1. Now that the dust has settled from Tom Brady’s retirement announcement, it’s time to focus on what he will do next. The most obvious question: Will the future Hall of Famer try to get into broadcasting?
Personally, I hope he does. As I’ve written many times over the past two years, it’s been a pleasure to see more of Brady’s personality in the time since he left New England. Just based on his one ManningCast appearance this season, it’s clear Brady would be a natural in the booth. I think with his playing days over, he would really let his opinions fly.
The 44-year-old has already said that he will continue his weekly SiriusXM radio show next season. Why not add a TV gig?
Brady will be in the driver’s seat during any and all negotiations. If he wants to work part time, networks would oblige. If he wants to do games, networks would oblige. If he wants to do studio, networks would oblige.
The combination of being the greatest quarterback of all time and being a legitimate A-list star means you get to call the shots.
And there are plenty of options out there for Brady. Every network that airs a studio show—CBS, Fox, NBC, ESPN, NFL Network—would add Brady in a heartbeat if that’s what he wanted.
But I think he’d be a waste in the studio. Here’s what would be a better use of Brady’s talents:
Fox: If Troy Aikman leaves Fox for Amazon, which has been reported as a possibility, this is easily the best fit for Brady. Just slide him right into the No. 1 spot and let him do his thing. If Aikman does indeed move on, Fox almost has to go after Brady because it has very little depth on its analyst roster. Fox will need to hit a home run with its Aikman replacement and Brady would be a grand slam, although Joe Buck wasn’t high on this happening when I pitched him the idea on last week’s SI Media Podcast.
Monday Night Football: Who knows if ESPN wants to cough up the money that Brady would command, but if the World Wide Leader, which has struggled for years to find a Monday Night Football booth that is a hit with the viewers, decides to pay up, you can believe they will go after Brady hard.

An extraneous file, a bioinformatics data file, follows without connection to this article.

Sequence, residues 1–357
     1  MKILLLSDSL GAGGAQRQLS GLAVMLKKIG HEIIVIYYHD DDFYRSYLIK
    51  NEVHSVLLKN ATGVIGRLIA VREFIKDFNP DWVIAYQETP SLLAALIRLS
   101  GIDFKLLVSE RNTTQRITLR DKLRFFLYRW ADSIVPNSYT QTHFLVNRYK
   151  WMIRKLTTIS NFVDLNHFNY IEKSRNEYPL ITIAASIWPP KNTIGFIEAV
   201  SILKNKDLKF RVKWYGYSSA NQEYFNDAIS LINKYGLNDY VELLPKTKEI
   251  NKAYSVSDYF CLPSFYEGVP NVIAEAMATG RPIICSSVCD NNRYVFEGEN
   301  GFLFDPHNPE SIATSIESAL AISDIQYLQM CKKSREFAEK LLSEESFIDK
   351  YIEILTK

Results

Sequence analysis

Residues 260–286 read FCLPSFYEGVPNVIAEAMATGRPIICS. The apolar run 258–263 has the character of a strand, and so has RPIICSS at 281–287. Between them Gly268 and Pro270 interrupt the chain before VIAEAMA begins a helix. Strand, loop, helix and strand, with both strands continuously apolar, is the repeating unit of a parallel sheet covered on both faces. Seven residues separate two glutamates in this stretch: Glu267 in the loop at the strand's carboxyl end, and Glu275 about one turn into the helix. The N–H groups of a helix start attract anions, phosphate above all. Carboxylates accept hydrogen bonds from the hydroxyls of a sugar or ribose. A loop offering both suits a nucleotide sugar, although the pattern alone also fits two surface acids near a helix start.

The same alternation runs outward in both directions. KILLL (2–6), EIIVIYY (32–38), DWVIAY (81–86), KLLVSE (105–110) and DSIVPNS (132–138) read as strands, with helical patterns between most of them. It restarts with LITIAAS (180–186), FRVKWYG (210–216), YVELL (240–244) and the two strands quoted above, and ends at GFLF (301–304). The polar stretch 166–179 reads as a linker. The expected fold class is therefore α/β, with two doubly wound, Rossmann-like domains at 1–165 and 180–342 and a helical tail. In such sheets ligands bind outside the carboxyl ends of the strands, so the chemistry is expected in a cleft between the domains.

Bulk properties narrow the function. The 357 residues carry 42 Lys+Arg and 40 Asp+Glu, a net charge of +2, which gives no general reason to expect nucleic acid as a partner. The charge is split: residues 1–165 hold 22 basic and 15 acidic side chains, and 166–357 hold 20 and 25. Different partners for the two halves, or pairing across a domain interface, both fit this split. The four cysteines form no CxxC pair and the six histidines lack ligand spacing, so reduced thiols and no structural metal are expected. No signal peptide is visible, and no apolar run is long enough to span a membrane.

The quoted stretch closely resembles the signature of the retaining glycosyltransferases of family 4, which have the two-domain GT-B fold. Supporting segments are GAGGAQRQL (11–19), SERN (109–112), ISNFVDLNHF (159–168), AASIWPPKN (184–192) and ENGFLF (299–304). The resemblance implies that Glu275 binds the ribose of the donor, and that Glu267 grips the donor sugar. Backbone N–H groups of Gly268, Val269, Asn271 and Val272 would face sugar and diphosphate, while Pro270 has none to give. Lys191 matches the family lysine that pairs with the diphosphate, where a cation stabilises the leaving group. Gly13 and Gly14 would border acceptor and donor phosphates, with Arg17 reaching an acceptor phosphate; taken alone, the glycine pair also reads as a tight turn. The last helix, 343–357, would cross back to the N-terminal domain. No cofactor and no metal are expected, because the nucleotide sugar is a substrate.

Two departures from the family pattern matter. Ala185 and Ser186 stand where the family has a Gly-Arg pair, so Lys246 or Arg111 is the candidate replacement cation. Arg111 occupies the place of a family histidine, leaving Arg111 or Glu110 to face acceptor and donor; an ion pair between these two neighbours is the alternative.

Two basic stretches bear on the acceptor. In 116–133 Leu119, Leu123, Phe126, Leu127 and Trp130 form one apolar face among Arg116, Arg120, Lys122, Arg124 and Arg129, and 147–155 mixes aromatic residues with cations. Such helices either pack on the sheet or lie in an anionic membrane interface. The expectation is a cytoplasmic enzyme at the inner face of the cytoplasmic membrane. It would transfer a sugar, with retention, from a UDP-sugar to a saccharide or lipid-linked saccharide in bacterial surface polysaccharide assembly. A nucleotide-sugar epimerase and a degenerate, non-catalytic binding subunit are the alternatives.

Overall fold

Amazon: If Brady wants to start his broadcasting career in a low-key manner, Amazon would be the perfect fit. He won’t have the pressure of 20 million people watching him like they would on a Sunday game in the late window. And Amazon has waaaaaaay more money than any network, so that won’t be an issue if they want to bring him in to call Thursday Night Football next season.
BradyCast: With the success of the ManningCast on ESPN2, you can be assured that every single network is thinking of ways to create a copycat version. If Brady wants to go with a reduced schedule, à la Peyton, who just did 10 ManningCasts this season, a BradyCast could be the way for him to go. How about a Brady-Gronk–Julian Edelman show next season?
2. A brand-new SI Media Podcast dropped Thursday morning, and it features a conversation with Bryan Curtis of The Ringer.
We covered all the latest sports media news including the entire saga of Tom Brady’s retirement announcement and news break, Tony Romo’s rough day in the booth for the AFC title game between the Bengals and Chiefs, why Troy Aikman has become the best NFL analyst on television, Al Michaels’s future, the ridiculousness of Radio Row and much more.
3. Probably the best stat you’ll see regarding Tom Brady’s illustrious career.
4. Blackhawks owner Rocky Wirtz had a complete meltdown at a town hall on Thursday when he was asked about the sexual assault case involving former player Kyle Beach. Just a brutal look from a PR standpoint.
5. According to CNBC, the average ticket price for the upcoming Super Bowl LVI in Los Angeles is currently $9,496.
All that money and the game is approximately 8 gazillion times better on TV. Amazing.
6. Sportswriters get all kinds of bizarre requests on a daily basis, but this one, shared by the NFL Network’s Jim Trotter, is on a different level.
7. RANDOM VIDEO OF THE DAY: On this date in 1994, my all-time-favorite Seinfeld episode, “The Dinner Party,” aired on NBC. Everything that was great about Seinfeld is perfectly encapsulated in this scene.
Be sure to catch up on past editions of Traina Thoughts and check out the Sports Illustrated Media Podcast hosted by Jimmy Traina on Apple, Spotify or Stitcher. You can also follow Jimmy on Twitter and Instagram.